History student presents women and the Middle East at Quest

In honor of Oswego State’s annual Quest academic symposium, student researcher Ryan Peters, a junior studying history and global and international studies, analyzed the public sphere in the Middle East and women’s role throughout history.

A public sphere is a social setting where people can express their ideas and opinions. Peters concentrated his research studying Middle Eastern women in three public spheres throughout modern history: social protests, the media and the Internet.

“There are limits to women in the Middle East,” Peters said. “They are very involved in shaping and defining the public sphere, but there are limits to that as well.”

Peters’ research looked at social protests, such as the 2009 Green Protest in Iran, where people protested against the presidential election. He studied the impact information and communication technology had on such social protests. They have created a phase in “feminist strategic action,” according to Peters. Women use this to draw supporters and international attention to their protests and cause. During the Green Protest, women uploaded pictures of social activists and the brutality they encountered to the Internet to demonstrate the injustices faced during their movement.

After examining the media and how women are portrayed through photography, Peters said Middle Eastern women are represented as subordinate to men or they are viewed as “invisible.”

“Women’s bodies are used as sexual commodities or as vehicles for sexual arousal,” Peters said. “The photographs portray women as illiterate, of limited intellectual capability, materialistic, opportunistic, weak or dependent.”

One media platform Peters looked at throughout his research was BBC Arabic. He noticed the platform gave women a negative connotation in story coverages.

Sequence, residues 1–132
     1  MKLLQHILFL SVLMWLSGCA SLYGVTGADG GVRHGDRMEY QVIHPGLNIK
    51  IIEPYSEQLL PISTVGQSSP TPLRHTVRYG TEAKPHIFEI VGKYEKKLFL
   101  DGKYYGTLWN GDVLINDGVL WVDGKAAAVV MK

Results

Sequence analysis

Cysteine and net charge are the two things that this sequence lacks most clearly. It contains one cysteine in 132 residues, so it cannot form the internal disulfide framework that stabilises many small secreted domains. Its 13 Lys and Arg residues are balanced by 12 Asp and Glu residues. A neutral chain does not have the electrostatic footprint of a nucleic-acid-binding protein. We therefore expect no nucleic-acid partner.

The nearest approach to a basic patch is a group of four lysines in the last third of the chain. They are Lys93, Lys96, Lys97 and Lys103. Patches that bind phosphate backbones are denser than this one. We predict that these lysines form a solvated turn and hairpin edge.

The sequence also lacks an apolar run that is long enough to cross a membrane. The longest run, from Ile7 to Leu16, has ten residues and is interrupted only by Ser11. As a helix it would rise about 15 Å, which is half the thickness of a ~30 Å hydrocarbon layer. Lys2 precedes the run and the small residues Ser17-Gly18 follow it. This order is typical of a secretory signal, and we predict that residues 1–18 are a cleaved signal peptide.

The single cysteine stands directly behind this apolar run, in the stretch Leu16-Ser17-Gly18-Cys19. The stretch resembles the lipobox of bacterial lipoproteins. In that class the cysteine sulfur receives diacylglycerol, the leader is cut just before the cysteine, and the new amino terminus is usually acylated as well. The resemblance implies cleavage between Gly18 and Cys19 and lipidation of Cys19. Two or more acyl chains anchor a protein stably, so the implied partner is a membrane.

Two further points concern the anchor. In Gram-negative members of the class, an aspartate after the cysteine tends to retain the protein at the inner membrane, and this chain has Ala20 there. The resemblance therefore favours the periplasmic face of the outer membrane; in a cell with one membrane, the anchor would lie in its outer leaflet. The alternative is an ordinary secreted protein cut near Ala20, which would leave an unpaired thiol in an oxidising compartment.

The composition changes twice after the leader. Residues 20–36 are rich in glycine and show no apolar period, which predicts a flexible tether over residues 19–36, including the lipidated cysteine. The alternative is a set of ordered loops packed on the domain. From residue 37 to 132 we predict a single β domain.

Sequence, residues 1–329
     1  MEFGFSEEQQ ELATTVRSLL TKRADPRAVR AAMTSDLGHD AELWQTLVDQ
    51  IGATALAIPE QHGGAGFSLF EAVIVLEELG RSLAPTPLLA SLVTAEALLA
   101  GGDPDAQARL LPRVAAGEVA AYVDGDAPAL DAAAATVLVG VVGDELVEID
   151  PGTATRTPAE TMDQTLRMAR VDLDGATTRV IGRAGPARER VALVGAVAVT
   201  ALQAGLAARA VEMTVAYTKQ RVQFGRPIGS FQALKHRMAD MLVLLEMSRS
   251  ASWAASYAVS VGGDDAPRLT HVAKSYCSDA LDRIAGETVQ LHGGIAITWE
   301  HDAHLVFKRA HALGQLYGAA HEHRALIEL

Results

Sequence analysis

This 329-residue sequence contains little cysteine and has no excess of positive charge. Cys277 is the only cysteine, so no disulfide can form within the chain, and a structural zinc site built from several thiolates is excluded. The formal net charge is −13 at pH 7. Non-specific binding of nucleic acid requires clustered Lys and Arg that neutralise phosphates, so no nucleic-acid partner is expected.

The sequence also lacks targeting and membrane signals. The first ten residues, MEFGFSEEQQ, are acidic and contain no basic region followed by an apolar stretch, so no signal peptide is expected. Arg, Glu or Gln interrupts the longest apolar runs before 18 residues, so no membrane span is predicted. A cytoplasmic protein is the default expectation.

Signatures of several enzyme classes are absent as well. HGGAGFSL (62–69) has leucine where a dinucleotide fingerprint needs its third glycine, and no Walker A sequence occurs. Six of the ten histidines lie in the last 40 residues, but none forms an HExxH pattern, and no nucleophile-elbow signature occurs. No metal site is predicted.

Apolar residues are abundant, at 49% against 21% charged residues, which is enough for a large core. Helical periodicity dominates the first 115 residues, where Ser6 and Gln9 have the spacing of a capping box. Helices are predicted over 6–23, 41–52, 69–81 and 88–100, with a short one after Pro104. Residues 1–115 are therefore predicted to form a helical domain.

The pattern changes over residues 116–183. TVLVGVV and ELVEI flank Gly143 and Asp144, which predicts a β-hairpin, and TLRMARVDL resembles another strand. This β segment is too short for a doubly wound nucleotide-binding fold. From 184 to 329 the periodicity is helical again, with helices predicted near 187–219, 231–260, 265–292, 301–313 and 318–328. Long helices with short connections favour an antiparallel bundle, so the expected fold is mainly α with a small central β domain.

Rochel DeSilva, a junior peer educator at the Lifestyles Center, attended Peters’s presentation.

“I don’t think this is just an issue in the Middle East,” DeSilva said. “Women are portrayed like that in media throughout the world.”

Peters’ last component of his research discussed the relevance of Internet on gender in the Middle East.

He said the Internet is useful technology as it encourages women and allows them to “grow and think.”

“We are technologically driven and I consider it a tool in today’s society,” Peters said.

He believes the Internet and other forms of technology can be beneficial for Middle Eastern women as it will allow them to express themselves in a public sphere.

Women use technology through the media and the Internet to increase their involvement in public spheres.

Facebook is a platform that Middle Eastern women now use to be self-reflective, according to Peters’ research.

“[I think Facebook] can be self reflective because you can see the most important parts of your life,” DeSilva said. “I had never thought of Facebook as self-reflective, but I can see how it can be for people in the Middle East. I think we, as Americans, have more rights and we just don’t realize how much freedom we have in this country.”

Peters will continue to look into Middle Eastern history to examine gender in the media and the Internet. He seeks to find whether or not new public spheres have been created in the Middle East for women.